It is a gray day today, after a gray day, after a rainy day and I am dragging just a bit. The dandelions (which I broke down and attacked large swaths of with spray) haven’t had the energy to open their yellow faces for half of this week. I know how they feel, who doesn’t start to lag when the sun is hidden for too long?
We aren’t flowers, but still we will start to wilt without some sun – we are wired to have at least a touch of seasonal affective disorder I suppose. Even those who get shut up into artificial environments for many hours five or more days per week. We get energy from the sun, just like solar panels – we need to turn our faces to the sun for just a bit to recharge. (I’m not talking tanning, here.)
I always work harder to pump cheerfulness into my greetings and interactions on days like this, despite the initial energy drain, in hopes to get a return on my investment through a smile and upbeat response from my counterpart – especially once I entered management because personal energy has great effect on job performance. Indeed our performance in general.
Joyful events seem so very much more so on sunny days and conversely terrible events seem very much more incongruent on sunny days. (Think of that perfect fall day on 9/11/2001.) But sometimes personal tragedy is ever so slightly lessened by the appearance of the sun.
My mom was having her last adventure, learning to let go of this life as the natural world was shuttering up for its winter dormancy so we had gray days and shades of beige to match our family’s experiences. Our sunshine, light and bundle of energy was sputtering out. But determined to make it one more adventure, forced by her body’s inability to overcome its infirmities her mind continued in its quest to savor curiosity.
My siblings and I took turns with the caretaking duties, which mostly involved the same wonderful philosophical discussions that had characterized our adult relationships with this remarkable woman. Interspersed with learning how to flush a port and other nursing duties. Mom and I were discussing this very topic, the affect that the sun has on our abilities to cope when I lightheartedly mentioned that perhaps she could make her final journey on a sunny day. (We have a vein of dark humor running deep in our family.) She allowed that this would be a worthy goal, neither of us knowing how far into the future this sunny day might be. But knowing it would not be the 4 more years she had hoped for when we last talked to the doctor about the lack of alternative therapies.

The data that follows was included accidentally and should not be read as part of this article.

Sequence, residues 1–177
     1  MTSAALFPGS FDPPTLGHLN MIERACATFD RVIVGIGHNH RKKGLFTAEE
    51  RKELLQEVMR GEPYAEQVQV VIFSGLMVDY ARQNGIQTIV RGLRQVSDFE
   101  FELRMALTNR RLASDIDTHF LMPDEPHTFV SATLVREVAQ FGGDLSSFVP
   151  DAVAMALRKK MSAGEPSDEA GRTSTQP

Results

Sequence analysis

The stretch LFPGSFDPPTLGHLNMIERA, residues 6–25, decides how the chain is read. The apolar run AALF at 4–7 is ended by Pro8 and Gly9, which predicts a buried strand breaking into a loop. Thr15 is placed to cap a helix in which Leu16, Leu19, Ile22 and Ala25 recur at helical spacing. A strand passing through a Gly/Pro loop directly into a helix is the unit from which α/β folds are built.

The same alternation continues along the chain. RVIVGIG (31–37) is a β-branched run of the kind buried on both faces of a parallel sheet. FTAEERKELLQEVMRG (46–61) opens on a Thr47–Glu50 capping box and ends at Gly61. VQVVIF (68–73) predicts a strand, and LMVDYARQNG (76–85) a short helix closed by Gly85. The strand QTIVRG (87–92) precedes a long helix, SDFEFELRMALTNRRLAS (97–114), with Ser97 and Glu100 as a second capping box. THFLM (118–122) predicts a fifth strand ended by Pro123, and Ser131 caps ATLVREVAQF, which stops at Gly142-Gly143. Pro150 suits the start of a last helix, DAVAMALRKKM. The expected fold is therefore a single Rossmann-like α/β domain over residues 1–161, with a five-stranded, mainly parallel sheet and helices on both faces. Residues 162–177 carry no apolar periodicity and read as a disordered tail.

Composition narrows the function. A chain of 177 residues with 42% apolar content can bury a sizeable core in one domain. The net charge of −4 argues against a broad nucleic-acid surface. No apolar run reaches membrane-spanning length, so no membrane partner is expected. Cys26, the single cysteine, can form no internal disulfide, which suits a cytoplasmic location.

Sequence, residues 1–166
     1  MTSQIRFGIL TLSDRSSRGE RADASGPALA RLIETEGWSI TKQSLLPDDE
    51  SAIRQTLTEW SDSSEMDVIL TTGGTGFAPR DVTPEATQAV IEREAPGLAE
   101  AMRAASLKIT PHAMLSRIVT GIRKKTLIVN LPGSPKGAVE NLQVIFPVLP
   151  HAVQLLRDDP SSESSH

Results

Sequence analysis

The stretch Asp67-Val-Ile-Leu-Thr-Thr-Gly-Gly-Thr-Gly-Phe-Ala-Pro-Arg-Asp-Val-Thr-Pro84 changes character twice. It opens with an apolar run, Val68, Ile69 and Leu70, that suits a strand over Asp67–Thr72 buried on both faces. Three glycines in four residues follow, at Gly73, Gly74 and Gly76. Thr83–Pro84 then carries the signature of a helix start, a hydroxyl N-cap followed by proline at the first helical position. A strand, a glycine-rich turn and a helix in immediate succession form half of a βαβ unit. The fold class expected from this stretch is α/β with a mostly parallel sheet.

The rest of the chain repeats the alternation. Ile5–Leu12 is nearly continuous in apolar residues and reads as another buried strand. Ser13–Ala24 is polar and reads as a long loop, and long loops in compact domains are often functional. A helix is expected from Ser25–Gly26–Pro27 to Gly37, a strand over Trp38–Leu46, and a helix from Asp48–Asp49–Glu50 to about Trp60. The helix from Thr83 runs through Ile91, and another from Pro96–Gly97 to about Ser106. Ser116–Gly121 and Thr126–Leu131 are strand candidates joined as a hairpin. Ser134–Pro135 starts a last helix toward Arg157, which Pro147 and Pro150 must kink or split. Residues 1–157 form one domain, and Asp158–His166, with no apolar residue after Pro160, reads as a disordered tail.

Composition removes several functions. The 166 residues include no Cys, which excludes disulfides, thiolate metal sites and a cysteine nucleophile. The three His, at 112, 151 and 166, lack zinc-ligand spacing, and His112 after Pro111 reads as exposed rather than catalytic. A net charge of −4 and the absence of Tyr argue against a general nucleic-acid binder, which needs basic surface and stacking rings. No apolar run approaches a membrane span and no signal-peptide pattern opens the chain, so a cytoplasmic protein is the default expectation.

It wasn’t but a few days later, maybe a week that the house was waking from a peaceful night to a sunny Friday morning in early December. The caregiver gave mom a sponge bath and I whispered that we would just get her cleaned up and dressed in fresh pajamas and she whispered back ‘ok’. She had mostly stopped talking by then, this woman who still had so much to say.
The overnight caregiver left, my sister was off tending to her young ones (life intrudes regardless of the momentousness of occasions), the hospice nurse was due any minute and my brother would be flying back for his shift in a day or two. I was quietly reading the paper and offhandedly let mom know the day, the date and that the sun was shining.
She accepted the message and left behind this world and her fragile body just as the nurse and my sister arrived.
Now years have passed from that morning and I don’t relate this story to make anyone sad, though I miss her acutely. I see this as a story now of the energy and potential for new adventure that the sun can bring as it shares its light and warmth with us. We just have to be open to the possibility and make a point to gather some energy from the sun when it shines. Having a sunny outlook is a choice.
[Author’s note: About an hour after I wrote this, the sun burned away the clouds, and I went out to enjoy the light. I like to think mom had a hand in that.]
© 2013 Practical Business | Reasonable Expectations